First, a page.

I woke up this morning and had a fight with my husband. I was such a jerk, so mean-spirited and distrustful. And afterward I didn’t feel repentant, but so angry. The anger just kept welling up inside of me and spilling out all over the place while stomping around the house and while in tears at the breakfast table as my kids brought me handfuls of Kleenex.
I feel like I’m failing as a mom, failing as a wife. My kids pick on each other and bother me and I snap at them to stop. I hole up with my cooking project or my books or my blog instead of sitting and spend time with them. My husband has a mountain of stress on his shoulders and instead of helping to ease it, I add to it by my sour demeanor.
I just want to be left alone.
I shouldn’t be surprised. I should recognize the pattern by now; this always happens the day, the weekend, we are packing up to leave.
I can’t help it—whether we’re packing to move to a new home, or whether we’re packing to leave a fun vacation, my skin crawls with dread and I’m filled with restlessness. My anxiety climbs just looking at the suitcases and at stacks of folded clothes. I compulsively blitz through whichever place we’ve been dwelling, snatching up bits and pieces of our family which have become incorporated into another’s home, organizing and cleaning, mentally checking out rather than stopping and relaxing enough to enjoy that last day together.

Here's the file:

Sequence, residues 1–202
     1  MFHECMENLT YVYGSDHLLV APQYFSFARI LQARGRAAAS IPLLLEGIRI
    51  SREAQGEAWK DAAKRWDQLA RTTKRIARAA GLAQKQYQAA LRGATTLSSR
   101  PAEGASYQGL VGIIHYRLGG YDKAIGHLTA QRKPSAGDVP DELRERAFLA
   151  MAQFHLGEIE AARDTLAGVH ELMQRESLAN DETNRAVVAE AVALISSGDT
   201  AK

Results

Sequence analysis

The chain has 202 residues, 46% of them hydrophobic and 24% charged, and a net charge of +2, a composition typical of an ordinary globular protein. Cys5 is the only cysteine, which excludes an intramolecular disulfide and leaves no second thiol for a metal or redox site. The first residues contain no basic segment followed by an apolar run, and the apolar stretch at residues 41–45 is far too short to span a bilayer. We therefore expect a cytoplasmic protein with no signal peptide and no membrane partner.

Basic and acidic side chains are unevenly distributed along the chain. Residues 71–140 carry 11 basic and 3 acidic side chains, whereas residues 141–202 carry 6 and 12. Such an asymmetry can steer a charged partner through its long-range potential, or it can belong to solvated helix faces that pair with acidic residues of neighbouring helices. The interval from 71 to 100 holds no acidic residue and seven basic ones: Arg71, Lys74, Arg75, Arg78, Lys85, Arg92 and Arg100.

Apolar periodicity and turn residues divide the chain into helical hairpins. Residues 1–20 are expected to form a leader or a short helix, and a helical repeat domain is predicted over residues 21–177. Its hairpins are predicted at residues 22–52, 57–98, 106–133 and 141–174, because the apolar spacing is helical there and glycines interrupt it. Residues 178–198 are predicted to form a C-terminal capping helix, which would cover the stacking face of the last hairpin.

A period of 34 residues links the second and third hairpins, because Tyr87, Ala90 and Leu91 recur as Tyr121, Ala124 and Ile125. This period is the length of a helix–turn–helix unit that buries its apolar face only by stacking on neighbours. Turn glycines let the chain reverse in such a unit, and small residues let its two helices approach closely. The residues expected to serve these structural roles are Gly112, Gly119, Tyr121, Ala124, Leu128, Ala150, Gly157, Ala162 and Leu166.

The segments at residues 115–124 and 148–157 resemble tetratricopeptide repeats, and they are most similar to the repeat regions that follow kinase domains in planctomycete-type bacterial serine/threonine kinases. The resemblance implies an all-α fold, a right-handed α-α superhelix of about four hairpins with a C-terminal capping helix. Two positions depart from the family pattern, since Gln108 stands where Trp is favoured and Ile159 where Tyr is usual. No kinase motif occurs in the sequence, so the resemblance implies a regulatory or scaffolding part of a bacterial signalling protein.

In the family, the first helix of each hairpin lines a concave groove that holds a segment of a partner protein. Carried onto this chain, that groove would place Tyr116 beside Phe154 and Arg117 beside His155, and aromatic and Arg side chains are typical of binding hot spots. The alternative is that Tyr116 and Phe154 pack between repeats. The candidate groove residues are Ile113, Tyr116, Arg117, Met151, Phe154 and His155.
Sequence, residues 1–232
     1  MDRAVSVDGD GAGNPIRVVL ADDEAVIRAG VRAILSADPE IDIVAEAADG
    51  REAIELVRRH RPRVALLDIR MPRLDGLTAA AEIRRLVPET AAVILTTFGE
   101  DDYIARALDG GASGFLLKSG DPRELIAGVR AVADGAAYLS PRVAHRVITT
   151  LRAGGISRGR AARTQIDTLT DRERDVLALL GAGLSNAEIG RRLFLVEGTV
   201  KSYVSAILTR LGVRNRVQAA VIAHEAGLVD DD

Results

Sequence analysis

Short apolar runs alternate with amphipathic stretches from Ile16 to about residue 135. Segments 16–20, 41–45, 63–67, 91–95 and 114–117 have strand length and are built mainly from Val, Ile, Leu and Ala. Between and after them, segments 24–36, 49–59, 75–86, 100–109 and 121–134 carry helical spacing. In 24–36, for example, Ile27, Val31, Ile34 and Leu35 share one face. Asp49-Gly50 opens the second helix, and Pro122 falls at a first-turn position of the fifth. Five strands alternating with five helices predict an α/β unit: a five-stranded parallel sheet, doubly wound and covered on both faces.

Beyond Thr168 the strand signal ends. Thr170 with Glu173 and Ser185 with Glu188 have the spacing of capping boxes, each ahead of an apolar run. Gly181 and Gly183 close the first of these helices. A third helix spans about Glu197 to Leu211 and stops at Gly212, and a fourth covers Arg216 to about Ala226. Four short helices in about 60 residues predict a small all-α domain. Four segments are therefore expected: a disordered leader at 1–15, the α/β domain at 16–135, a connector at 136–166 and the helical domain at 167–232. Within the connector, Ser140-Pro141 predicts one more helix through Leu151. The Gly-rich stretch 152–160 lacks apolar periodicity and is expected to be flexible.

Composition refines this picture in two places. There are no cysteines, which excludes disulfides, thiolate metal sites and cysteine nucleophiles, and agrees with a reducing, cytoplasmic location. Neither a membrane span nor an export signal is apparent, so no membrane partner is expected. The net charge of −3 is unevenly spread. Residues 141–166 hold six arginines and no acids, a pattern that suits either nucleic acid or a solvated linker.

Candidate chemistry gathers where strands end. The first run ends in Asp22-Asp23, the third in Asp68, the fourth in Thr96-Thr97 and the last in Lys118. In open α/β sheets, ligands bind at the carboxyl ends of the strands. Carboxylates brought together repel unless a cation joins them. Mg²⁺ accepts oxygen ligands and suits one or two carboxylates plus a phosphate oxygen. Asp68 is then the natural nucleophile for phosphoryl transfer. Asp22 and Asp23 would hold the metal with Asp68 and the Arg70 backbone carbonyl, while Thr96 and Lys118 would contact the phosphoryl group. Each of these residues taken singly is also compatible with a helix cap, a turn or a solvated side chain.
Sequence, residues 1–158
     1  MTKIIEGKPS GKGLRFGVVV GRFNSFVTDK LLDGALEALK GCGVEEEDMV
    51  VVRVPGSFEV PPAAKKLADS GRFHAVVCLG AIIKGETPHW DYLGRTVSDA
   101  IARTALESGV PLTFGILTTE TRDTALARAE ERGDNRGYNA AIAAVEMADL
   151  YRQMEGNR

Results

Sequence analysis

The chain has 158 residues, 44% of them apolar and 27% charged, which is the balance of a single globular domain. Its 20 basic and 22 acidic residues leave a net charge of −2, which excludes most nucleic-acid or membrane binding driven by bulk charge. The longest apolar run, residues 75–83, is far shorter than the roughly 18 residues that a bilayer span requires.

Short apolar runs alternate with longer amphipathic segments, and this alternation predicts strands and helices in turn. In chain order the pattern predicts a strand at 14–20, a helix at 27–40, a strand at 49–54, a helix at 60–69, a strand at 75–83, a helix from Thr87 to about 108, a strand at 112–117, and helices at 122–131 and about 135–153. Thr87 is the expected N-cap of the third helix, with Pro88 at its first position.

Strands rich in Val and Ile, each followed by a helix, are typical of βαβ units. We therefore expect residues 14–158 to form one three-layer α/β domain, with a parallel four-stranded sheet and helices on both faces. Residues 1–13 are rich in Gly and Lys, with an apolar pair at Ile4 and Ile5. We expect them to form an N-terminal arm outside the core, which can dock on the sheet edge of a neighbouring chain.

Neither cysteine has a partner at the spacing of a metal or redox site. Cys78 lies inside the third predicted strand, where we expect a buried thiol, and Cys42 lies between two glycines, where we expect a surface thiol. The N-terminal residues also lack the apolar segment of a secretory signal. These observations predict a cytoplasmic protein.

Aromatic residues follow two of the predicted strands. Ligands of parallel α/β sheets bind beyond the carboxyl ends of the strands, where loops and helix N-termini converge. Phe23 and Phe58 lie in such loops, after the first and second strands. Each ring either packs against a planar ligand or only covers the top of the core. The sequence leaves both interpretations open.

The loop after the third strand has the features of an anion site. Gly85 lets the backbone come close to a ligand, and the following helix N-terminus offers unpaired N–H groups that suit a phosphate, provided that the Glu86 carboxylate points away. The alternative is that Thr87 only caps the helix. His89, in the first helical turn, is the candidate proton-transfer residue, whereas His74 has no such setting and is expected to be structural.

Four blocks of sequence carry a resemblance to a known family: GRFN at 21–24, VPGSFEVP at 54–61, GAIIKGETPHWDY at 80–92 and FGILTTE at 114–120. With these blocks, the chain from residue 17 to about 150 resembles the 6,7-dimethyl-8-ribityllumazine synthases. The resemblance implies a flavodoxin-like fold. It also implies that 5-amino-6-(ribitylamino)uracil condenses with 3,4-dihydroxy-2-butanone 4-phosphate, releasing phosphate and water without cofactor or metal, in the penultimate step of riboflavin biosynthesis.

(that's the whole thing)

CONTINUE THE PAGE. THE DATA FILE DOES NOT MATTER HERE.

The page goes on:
I’ve tried all the tactics. I’ve tried to look at the bright side: We have a beautiful life, we experience so many privileges most families will never know—travel, lots of time together, an amazing community of people stretched north to south who love us and pray for us and give to us. A whole host of memories made wherever we go.
I am endlessly grateful for these things. I recognize that I wouldn’t trade this sweet month at my in-laws’ for the stability of my own home. I’m changed by the conversations I’ve had, even just this week, with friends who amaze me with their stories of pain and redemption and hope. I am the person I am today because of our nomadic life.
But deep in the core of my heart, on packing day, none of this knowledge does anything to ease the pain. Choosing a new CD at Target for the trip south doesn’t ease the pain. Popping a Xanax doesn’t ease the pain. Knowing that friends back home are helping us find a house to rent doesn’t ease the pain. Knowing we’ll see Steve and Linda at Thanksgiving doesn’t ease the pain.
I know there’s probably some psychological answer for this, but I can’t fight back the flood of memories, on each and every packing day, of close to a decade of packing days. And worse than packing days, a decade of good-byes, of making friends and losing them.
I’m tired of packing day.